The following images are the more formal, close-up, portraits that we do on every portrait session.  We learned a long time ago that if you try to be that “pictorial artist” and only do the backed-off, full figures, showing lots of environment images in a portrait session, the clients would invariably want us to crop way-in to make “real” portraits out of them. And the subjects better be looking AT the camera and SMILING too, if you want to make a big sale!

To that end this image was a big hit…
f5.0 @ 400 sec., ISO 400; Lens @ 200mm
Even the horse is looking at the camera and “smiling”!

This was a required portrait to show her substantial involvement in the F.F.A. (Future Farmers of America), which is big here in Idaho. So, we did several set-ups with her in the blue FFA jacket. Technically this portrait was done using my favorite lighting technique outdoors.  I simply moved them back into the shade of the barn so that the open sky is the key light on them—lowering the ratio—creating a nice soft light.  Meanwhile, we have a nice background of fall colors due to the timing of the session using the setting sun.  Nice separation is created by using an aperture of f5.0, with good bokeh, mostly due to my focal length of 200mm.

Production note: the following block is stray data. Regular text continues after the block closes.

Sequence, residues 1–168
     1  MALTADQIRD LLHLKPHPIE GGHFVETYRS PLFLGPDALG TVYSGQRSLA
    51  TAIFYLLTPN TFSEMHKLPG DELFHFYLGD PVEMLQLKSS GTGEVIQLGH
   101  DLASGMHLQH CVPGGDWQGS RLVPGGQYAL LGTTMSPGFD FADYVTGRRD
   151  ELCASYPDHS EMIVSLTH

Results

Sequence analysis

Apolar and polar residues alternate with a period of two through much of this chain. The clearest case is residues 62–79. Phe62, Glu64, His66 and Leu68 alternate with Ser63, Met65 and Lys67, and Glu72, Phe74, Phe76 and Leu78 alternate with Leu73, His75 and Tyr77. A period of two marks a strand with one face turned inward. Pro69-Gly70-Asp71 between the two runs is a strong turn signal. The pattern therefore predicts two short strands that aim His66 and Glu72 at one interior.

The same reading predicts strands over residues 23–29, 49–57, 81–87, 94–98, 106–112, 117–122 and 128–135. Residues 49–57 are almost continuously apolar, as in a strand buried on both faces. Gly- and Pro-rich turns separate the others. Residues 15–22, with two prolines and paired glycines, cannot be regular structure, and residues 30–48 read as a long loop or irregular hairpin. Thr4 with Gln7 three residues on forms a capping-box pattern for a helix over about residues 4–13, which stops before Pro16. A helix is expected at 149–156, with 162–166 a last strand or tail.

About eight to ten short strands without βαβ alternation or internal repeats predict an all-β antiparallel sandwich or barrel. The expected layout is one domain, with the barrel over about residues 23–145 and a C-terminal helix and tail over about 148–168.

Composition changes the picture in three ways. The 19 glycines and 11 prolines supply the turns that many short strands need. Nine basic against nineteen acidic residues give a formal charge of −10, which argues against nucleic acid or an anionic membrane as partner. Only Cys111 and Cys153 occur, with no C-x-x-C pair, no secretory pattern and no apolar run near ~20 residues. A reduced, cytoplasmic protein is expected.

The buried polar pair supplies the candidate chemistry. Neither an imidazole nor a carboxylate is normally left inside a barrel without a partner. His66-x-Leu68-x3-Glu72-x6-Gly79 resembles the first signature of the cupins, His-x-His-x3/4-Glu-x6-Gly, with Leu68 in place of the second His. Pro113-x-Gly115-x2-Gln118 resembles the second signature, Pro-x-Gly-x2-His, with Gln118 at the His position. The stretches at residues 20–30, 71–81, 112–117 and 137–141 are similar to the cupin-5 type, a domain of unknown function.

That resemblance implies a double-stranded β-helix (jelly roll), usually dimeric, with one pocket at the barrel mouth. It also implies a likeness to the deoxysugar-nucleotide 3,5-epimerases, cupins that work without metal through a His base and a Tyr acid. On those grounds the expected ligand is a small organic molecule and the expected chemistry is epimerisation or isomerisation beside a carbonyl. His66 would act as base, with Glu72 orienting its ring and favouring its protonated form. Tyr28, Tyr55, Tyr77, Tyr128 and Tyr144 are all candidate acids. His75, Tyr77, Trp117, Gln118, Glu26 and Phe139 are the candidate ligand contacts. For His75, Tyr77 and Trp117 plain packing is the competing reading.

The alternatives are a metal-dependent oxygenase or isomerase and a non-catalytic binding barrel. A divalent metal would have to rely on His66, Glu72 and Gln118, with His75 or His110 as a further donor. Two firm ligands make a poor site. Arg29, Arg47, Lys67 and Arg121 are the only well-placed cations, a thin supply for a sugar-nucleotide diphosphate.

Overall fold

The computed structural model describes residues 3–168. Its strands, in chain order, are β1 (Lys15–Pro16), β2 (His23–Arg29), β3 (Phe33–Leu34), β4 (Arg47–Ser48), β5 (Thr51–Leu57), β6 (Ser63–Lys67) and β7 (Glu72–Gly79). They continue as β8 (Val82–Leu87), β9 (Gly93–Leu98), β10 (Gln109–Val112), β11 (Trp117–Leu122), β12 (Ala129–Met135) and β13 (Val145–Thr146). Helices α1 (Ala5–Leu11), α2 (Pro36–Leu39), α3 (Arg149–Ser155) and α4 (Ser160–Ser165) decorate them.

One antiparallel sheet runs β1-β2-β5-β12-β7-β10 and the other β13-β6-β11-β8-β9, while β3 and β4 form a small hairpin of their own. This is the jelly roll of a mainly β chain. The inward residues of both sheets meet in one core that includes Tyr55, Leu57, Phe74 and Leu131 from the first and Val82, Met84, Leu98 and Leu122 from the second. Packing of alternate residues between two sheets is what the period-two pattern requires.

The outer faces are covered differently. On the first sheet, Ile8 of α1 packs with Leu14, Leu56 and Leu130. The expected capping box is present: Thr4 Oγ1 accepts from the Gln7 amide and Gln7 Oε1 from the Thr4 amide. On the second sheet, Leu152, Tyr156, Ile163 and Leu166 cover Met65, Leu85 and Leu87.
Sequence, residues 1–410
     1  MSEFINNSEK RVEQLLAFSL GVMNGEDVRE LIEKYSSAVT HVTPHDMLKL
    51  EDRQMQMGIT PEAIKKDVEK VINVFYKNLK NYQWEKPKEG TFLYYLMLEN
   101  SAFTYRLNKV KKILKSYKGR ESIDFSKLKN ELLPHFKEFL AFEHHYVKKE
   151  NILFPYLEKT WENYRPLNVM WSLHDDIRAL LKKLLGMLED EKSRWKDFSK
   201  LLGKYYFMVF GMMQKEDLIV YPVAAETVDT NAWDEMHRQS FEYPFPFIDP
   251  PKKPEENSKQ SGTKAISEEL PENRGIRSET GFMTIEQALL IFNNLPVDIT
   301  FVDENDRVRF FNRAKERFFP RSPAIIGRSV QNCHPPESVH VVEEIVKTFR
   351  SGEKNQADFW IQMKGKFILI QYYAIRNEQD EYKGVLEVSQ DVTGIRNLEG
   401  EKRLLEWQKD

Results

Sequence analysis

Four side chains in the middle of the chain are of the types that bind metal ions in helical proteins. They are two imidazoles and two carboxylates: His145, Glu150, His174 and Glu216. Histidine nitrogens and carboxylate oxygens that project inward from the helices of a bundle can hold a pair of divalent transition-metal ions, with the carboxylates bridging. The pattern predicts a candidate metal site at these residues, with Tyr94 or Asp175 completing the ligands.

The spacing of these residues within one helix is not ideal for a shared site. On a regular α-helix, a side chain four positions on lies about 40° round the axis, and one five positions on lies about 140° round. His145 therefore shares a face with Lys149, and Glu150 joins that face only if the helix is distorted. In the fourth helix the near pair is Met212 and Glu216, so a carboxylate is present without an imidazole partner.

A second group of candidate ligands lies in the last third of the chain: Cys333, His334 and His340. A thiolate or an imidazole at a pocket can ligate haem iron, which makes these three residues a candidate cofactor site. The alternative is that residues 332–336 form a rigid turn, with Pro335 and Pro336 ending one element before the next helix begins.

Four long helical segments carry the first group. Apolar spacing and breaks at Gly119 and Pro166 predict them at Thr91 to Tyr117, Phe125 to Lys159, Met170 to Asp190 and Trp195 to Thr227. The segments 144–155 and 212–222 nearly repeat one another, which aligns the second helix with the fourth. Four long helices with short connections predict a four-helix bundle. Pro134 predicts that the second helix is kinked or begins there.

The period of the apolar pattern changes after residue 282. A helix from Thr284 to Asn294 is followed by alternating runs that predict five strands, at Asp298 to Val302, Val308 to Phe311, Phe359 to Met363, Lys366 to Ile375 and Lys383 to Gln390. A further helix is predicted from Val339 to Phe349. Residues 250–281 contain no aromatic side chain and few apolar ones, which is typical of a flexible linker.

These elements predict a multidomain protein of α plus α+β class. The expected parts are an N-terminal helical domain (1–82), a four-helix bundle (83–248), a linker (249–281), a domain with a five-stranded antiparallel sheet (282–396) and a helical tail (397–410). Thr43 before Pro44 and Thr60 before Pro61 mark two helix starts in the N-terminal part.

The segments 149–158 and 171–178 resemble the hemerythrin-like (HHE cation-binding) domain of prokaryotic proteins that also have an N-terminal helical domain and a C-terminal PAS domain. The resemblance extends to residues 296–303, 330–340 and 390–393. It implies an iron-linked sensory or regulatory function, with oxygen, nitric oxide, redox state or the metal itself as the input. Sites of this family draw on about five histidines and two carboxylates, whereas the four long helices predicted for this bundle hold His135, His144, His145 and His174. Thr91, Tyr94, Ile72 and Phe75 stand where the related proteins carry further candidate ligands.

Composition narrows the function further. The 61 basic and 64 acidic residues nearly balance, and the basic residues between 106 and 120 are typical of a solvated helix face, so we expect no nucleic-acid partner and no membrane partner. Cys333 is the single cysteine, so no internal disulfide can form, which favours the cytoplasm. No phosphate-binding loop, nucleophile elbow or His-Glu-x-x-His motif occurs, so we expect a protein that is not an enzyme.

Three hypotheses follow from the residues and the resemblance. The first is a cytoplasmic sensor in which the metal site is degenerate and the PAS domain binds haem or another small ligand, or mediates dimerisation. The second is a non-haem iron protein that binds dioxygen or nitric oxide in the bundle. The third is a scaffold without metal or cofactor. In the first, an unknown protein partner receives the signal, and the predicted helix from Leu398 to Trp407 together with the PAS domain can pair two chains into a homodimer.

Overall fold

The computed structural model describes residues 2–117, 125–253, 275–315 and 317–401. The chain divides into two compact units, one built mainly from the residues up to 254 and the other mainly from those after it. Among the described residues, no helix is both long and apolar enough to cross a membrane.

Changing clothes, and horses, I went for a completely different look since it’s now only an hour before actual sunset and the light is warming up…
f4.5 @ 1/2500 sec., ISO 400, Lens @ 200mm
I don’t usually put my portrait subjects in direct sunlight; the most notable exception is sunset at the beach—not so much now that we are here in Idaho! In this case I had a young lady with perfect skin and I wanted DRAMATIC lighting so why not?

Finally to show-off another of her interests she literally changed hats and got out her guitar.  Mom suggested she hop on the hood of their old pick-up truck and we resumed in the right of the setting sun.